Nunavut women drive toward their goals at Meadowbank
Haul truck driving women making a name for themselves
RANKIN INLET AND MEADOWBANK MINE — About 20 people are gathered in a Rankin Inlet classroom as part of Agnico Eagle Mine’s work readiness program.
This is one of the first steps toward employment with either of the company’s two projects in the territory: the Meliadine exploration camp and Meadowbank gold mine.
When Nunavummiut apply for a position, they’ll first take part in the week-long program to learn more about the positions available and how they work.
This particular group is made up of young adults and elders; men and women. And their questions vary: what kinds of baking positions are available? How does training work? And what if I don’t want to be a janitor?
But Lucy knows exactly what she wants to do. The Rankin Inlet mother, who didn’t want to use her real name, wants to work as a haul truck driver.
“I’ve always wanted to become a driver,” she said. “So I’m just trying this to see where it will get me.”
Haul truck driving isn’t a job most people would associate with women, but Lucy does.
That’s because a growing number of Nunavummiut women have found their niche at Meadowbank doing just that.
The vast majority of Meadowbank’s haul truck operators are Inuit now — roughly 75 — and nearly one third, or 22, are women.
A recent study, by Pauktuutit Inuit Women of Canada and researchers at the University of British Columbia, found that Meadowbank provides ample opportunities for women but also some challenges.
In response to the study, Agnico Eagle said it would undertake a third-party review of employee programs to ensure the welfare of female staff.
At the Vault pit, one of the mine’s open pit sites, Blandina Kashla pulls her small frame up the ladder that leads to the cabin of the water truck she’s driving.
It’s a hot, almost windless, June morning and the steady traffic of haul trucks filled with ore creates a steady cloud of dust in the air.
Kashla, a haul truck driver, is driving the water truck this week, which sprays water from two back nozzles to keep the dust down.
Kashla, who’s from Baker Lake, started haul truck driving at the mine in 2010.
“When I first started, there were only six of us ladies, so it was kind of uneasy at first because everyone was watching us, because we were the only ones,” she said. “But we got used to it.”
“And now we’ve been told women have done really well in this position,” said Kashla.
“We follow instructions quickly, we pay attention to our surroundings and we take care of our trucks too. We wanted to be better than the guys, I guess, because there’s so many of them.”
Amelia Netser, from Coral Harbour, said getting hired as a haul truck driver at Meadowbank was the best day of her life.
Netser was first hired there as a housekeeper in Janaury 2013, but soon realized she needed a change. Six months later, she was behind the wheel of Meadowbank’s heavy equipment vehicles.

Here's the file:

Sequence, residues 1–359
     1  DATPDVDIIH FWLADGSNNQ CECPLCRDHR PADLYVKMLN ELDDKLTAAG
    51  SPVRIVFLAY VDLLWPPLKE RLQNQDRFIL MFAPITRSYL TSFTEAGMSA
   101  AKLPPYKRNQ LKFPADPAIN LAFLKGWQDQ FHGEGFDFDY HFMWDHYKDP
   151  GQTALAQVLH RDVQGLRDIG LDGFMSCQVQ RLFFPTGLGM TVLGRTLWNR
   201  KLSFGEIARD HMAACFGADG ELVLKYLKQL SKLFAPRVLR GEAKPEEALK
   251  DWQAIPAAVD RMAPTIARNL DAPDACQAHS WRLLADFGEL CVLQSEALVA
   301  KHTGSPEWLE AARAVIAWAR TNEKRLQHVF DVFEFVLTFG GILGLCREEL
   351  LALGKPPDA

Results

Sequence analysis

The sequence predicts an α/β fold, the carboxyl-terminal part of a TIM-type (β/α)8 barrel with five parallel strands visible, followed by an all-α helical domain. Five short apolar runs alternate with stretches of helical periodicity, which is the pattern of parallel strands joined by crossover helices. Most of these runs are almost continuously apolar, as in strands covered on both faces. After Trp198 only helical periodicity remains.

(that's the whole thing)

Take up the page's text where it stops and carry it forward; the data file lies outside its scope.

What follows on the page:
“It was never my goal to be a haul truck driver,” she laughs. “But it’s a very good job.”
While they used to go to Ontario for training, Nunavummiut haul truck drivers at Meadowbank may now do their training entirely on site. The mine’s career path program helps move current staff into more skilled positions.
In one of the mine’s training rooms, a large heavy equipment machine simulator allows drivers to navigate through a virtual mine site, which can be adjusted to feature different work scenarios and weather conditions.
New drivers also spend time on the road with an experienced driver. One of Meadowbank’s first female haul truck drivers, Hannah Pilakapsi, now works part-time as an instructor for haul truck driver class 1 trainees.
“I’m not an expert, but I’ve been there for awhile,” she said. “And Inuit drivers can train with me in Inuktitut, so as their first language, that’s what they pick up on.”
Pilakapsi’s crew has seen a lot of drivers come and go but for one reason or another, women have excelled in in their work.
“Attitude is the main thing,” she said. “You have to have a good attitude.”
But some of Meadowbank’s drivers say they crave more action on the job, and hope to move into more challenging positions.
“After a while, it gets boring going from point A to point B all day,” Netser admits. “I like working my brain and solving problems, so I’d like to eventually get a job that’s more challenging.”
Women may face certain barriers: some of the more challenging jobs require heavy lifting – something Netser doesn’t think she has the physical strength to do.
Kashla mentions the tow haul — used to tow disabled mine haul trucks — and her female co-workers groan with envy. That would be interesting work, they all agree.
“We could apply to work the tow haul,” Kashla said. “But we know we couldn’t lift those chains.”
About 250 of Meadowbank’s 700 staff are Inuit, and Inuit women make up about a third of those. Fifty per cent of Meadowbank’s Inuit staff are in skilled jobs.
In 2013, Agnico Eagle invested $2.8 million in training programs for Inuit employees, while it plans to spend about $4.3 million in 2014.